"The bottleneck is not workers — it's actually validating the new equipment that's going in to add to these production lines, and adding production lines is not simple," Handfield explained. "You have to validate them, you have to get FDA approval, they have to be inspected, they have to be tested. You're producing something that's being injected into human beings on a massive scale, so you have to be darn sure that the vaccine that's being manufactured meets all of these quality requirements." As a result, there are multiple tests and stages of validation that the different equipment and materials used to manufacture vaccines have to go through.

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"This just takes time," Handfield explained. "You can't do it as quickly as you'd like." Indeed, Handfield said that the whole process usually takes many years; it is extremely impressive that pharmaceutical companies have gotten as far as they have as quickly as they have.

Other factors can also complicate the process. There can be supply chain shortages for everything from syringes and vials to the necessary raw ingredients. There can be unforeseen production issues and manufacturing delays, as something random can go wrong while scientists carefully create their complex biological products. Indeed, the unexpected problems can occur even before the vaccine have been manufactured. For instance, several pharmaceutical companies are purchasing their vials from a manufacturer, SiO2 Materials Science, that did not originally create airtight vials because they did not need to be airtight. Since the medicines will spoil if they come into contact with the air, the vials had to be modified using state-of-the-art chemical processes that hermetically seal them in. Although they have solved that problem, and SiO2 Materials Science is doing its best to increase production to meet demand, as of last month they still found that demand exceeded supply.

There are also potential problems with vaccine misinformation that may affect distribution. People who wrongly believe that the government will somehow track or harm them through the vaccination process could make it more difficult to track who has been inoculated.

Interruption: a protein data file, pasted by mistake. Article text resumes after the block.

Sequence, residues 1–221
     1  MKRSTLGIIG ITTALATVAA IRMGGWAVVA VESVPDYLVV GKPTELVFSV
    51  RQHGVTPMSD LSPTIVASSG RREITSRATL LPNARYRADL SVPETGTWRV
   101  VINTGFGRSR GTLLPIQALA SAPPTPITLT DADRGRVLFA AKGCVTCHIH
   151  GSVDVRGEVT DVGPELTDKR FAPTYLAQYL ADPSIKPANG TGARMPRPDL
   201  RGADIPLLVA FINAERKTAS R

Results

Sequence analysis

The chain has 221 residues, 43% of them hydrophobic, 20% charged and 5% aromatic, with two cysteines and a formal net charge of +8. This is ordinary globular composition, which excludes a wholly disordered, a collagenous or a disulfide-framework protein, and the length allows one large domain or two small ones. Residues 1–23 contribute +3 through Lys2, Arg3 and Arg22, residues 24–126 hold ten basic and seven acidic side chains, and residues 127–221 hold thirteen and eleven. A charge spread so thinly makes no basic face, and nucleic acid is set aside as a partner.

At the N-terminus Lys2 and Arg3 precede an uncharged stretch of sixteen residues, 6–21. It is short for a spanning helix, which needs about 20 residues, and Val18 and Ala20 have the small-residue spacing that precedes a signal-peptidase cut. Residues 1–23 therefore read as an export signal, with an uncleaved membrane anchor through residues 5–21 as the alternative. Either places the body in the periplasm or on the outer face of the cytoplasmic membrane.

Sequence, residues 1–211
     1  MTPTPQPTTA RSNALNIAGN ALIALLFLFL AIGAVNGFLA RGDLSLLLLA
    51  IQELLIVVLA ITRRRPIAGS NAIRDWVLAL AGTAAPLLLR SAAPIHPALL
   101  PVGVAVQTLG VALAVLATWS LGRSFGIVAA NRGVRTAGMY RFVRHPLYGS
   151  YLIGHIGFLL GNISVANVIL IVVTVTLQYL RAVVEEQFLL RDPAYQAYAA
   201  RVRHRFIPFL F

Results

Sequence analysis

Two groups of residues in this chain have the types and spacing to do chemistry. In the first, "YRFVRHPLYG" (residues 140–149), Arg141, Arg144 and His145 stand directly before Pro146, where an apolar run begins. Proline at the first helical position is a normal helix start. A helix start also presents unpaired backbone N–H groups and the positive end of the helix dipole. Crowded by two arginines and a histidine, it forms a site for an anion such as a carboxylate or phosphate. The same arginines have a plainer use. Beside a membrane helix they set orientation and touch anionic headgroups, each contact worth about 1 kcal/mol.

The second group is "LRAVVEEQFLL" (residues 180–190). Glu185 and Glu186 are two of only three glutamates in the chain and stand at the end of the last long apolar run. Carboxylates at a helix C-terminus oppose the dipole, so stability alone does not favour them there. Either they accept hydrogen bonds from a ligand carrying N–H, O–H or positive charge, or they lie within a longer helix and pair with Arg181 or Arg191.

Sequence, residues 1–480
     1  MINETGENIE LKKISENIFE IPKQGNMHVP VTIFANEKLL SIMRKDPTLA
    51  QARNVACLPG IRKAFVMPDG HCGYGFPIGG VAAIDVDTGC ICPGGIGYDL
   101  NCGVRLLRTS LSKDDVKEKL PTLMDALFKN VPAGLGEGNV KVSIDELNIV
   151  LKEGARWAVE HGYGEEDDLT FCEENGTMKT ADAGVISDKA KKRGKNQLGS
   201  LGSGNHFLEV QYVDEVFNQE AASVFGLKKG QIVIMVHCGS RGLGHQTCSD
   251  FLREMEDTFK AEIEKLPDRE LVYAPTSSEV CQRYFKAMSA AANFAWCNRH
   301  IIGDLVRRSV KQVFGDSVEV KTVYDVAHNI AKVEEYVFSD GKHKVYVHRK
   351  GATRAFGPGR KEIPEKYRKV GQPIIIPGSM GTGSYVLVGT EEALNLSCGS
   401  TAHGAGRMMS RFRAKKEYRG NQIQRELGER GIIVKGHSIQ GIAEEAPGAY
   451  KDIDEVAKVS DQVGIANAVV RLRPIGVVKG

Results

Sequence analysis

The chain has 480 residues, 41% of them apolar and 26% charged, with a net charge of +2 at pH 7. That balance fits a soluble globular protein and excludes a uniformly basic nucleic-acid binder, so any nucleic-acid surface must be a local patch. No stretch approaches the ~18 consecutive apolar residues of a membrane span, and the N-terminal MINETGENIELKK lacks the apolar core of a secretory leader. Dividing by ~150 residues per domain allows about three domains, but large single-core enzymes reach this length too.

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"People are also really concerned in this country with the idea of being tracked by the government, so this will play into how we communicate with them," U.S. Air Force Major Daniel J. Finkenstadt, an assistant professor in the Graduate School of Defense Management at the Naval Postgraduate School, said at a North Carolina State webinar in December. "How do we communicate that tracking through a personalized application is the safest bet for the whole country and for individuals – and that you're not giving up your liberties or your privacy by using these?"

All of that said, this does not mean that it isn't good news that the FDA is likely to authorize the Johnson & Johnson vaccine. As Stanford University infectious disease specialist Dr. Philip Grant told Salon by email, consumers do not have to worry about there being a shortage of facility to manufacture the vaccines because "each of the companies with approved vaccines have independent non-overlapping pipelines producing vaccine so a new vaccine approved will add to the overall supply." What's more, generally speaking vaccine companies had the foresight to make advance deals with the contract manufacturers whose facilities would be used to create the vaccines, so as Handfield told Salon, it is unlikely that either Johnson & Johnson or other large pharmaceutical companies will need to worry about not having buildings to manufacture vaccines. (By contrast expanding capacity to meet increasing demand, he noted, could take time.) He also pointed out that Johnson & Johnson's vaccine could be easier to distribute because it only requires one shot.

"Getting them to come back for a second shot maybe is more problematic under these conditions," Handfield explained. "If it's a one-shot vaccine, which it is, that works better for these mass vaccinations. It also works better when you start going into rural communities where you might have a mass vaccination, say, to a church local church on a Sunday, or you might get community leaders to bring people together on a one-time basis. It's a one and done, which is useful for these diverse populations where it may be difficult to get people back for a second shot."


Matthew Rozsa

Matthew Rozsa is a staff writer for Salon. He holds an MA in History from Rutgers University-Newark and is ABD in his PhD program in History at Lehigh University. His work has appeared in Mic, Quartz and MSNBC.

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Coronavirus Covid-19 Johnson And Johnson Moderna Pfizer Reporting Vaccines